The reactor core assembly is contained in an 8-ft (2.44-m)-diameter pressure vessel located in a pool of water. The top of the pressure vessel is 17 ft (5.18 m) below the pool surface, and the reactor horizontal mid-plane is 27.5 ft (8.38 m) below the pool surface. The control plate drive mechanisms are located in a subpile room beneath the pressure vessel. These features provide the necessary shielding for working above the reactor core and greatly facilitate access to the pressure vessel, core, and reflector regions.
The reactor core is cylindrical, approximately 2 ft (0.61 m) high and 15 inches in diameter. A 5-in. (12.70-cm)-diameter hole, referred to as the "flux trap," forms the center of the core. The target typically contains curium-244 and other transplutonium isotopes and is positioned on the reactor vertical axis within the flux trap. The fuel region is composed of two concentric fuel elements. The inner element contains 171 fuel plates, and the outer element contains 369 fuel plates. The fuel plates are curved in the shape of an involute, thus providing a constant coolant channel width. The fuel (U3O8-Al cermet) is non-uniformly distributed along the arc of the involute to minimize the radial peak-to-average power density ratio. A burnable poison (boron-10) is included in the inner fuel element primarily to flatten the radial flux peak providing a longer cycle for each fuel element. The average core lifetime with typical experiment loading is approximately 23 days at 85 MW.
The fuel region is surrounded by a concentric ring of beryllium reflector approximately 1 ft (0.30 m) thick. This in turn is subdivided into three regions: the removable reflector, the semipermanent reflector, and the permanent reflector. The beryllium is surrounded by a water reflector of effectively infinite thickness. In the axial direction, the reactor is reflected by water.
The control plates, in the form of two thin, poison-bearing concentric cylinders, are located in an annular region between the outer fuel element and the beryllium reflector. These plates are driven in opposite directions to open and close a window at the core mid-plane. Reactivity is increased by downward motion of the inner cylinder and the upward motion of the four outer quadrant plates. The inner cylinder is used for shimming and power regulation and has no fast safety function. The outer control cylinder consists of four separate quadrant plates, each having an independent drive and safety release mechanism. All control plates have three axial regions of different neutron poison content designed to minimize the axial peak-to-average power-density ratio throughout the core lifetime. Any single quadrant plate or cylinder is capable of shutting the reactor down.
Cutaway views of the beryllium reflector (left), and the fuel element (right).
The reactor instrumentation and control system design reflects the emphasis placed on the importance of continuity of operation while maintaining safe operation. Three independent safety channels are arranged in a coincidence system that requires agreement of two of the three for safety shutdowns. This feature is complemented by an extensive "on-line" testing system that permits the safety function of any one channel to be tested at any time during operation. Additionally, three independent automatic control channels are arrayed so that failure of a single channel will not significantly disturb operation. All of these factors contribute to the continuity of operation of the HFIR.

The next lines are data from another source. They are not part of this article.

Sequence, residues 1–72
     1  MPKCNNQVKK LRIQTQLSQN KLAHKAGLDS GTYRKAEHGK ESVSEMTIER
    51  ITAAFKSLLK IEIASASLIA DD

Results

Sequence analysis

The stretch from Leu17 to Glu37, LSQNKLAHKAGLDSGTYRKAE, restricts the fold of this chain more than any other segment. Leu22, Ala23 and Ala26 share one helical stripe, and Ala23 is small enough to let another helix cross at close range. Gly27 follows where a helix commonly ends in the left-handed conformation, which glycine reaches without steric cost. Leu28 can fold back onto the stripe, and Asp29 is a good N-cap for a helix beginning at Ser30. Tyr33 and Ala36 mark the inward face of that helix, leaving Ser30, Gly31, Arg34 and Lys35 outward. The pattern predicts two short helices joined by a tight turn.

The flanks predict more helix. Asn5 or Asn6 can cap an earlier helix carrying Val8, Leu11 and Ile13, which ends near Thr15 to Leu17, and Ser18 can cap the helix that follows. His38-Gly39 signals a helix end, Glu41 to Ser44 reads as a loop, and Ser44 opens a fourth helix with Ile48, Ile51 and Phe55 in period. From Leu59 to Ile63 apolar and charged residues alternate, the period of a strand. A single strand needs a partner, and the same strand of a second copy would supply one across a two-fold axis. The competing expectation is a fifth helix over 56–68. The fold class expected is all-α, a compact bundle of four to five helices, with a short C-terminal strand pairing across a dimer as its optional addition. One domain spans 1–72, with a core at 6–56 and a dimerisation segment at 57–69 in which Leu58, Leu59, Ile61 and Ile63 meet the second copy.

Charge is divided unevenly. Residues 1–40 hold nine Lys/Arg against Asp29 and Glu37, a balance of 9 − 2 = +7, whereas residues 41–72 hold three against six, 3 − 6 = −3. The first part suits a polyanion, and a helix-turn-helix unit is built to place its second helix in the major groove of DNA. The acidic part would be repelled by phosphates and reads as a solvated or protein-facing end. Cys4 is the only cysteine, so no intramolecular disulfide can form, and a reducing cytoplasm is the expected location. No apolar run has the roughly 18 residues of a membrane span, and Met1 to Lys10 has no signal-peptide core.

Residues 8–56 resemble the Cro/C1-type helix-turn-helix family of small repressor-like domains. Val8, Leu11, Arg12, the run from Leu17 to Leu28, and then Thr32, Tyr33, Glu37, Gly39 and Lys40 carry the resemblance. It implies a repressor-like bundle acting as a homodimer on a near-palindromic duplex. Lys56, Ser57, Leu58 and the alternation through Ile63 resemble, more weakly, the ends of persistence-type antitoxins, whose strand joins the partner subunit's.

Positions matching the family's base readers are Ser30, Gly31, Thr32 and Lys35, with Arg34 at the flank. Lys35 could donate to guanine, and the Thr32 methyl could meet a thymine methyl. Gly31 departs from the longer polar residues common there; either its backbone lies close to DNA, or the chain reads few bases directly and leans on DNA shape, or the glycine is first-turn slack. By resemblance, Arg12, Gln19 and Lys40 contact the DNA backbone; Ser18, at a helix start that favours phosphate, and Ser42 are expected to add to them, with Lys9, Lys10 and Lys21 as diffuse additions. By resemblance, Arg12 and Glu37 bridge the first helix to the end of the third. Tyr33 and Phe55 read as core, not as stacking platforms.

The primary coolant enters the pressure vessel through two 16-in. (40.64-cm)-diameter pipes above the core, passes through the core, and exits through an 18-in. (45.72-cm)-diameter pipe beneath the core. The flow rate is approximately 16,000 gpm (1.01 m³/s), of which approximately 13,000 gpm (0.82 m³/s) flows through the fuel region. The remainder flows through the target, reflector, and control regions. The system is designed to operate at a nominal inlet pressure of 468 psig (3.33 x 106 Pa). Under these conditions the inlet coolant temperature is 120°F (49°C), the corresponding exit temperature is 156°F (69°C), and the pressure drop through the core is about 110 psi (7.58 × 105 Pa).
From the reactor, the coolant flow is distributed to three of four identical heat exchanger and circulation pump combinations, each located in a separate cell adjacent to the reactor and storage pools. Each cell also contains a letdown valve that controls the primary coolant pressure. A secondary coolant system removes heat from the primary system and transfers it to the atmosphere by passing water over a four-cell induced-draft cooling tower.
Neutron flux distributions at the core horizontal midplane with HFIR operating at 85MW (left), HFIR core control plate positions (right).
A fuel cycle for the HFIR normally consists of full-power operation at 85 MW for a period of 21 to 23 days (depending on the experiment and radioisotope load in the reactor), followed by an end-of-cycle outage for refueling. End-of-cycle refueling outages vary as required to allow for control plate replacement, calibrations, maintenance, and inspections. Experiment insertion and removal may be accomplished during any end-of-cycle outage. Interruption of a fuel cycle for experiment installation or removal is strongly discouraged to avoid impact on other experiments and neutron scattering. Deviations from the schedule are infrequent and are usually caused by electrical power outages, reactor and experiment component malfunctions, etc.
Oak Ridge National Laboratory is managed by UT-Battelle for the Department of Energy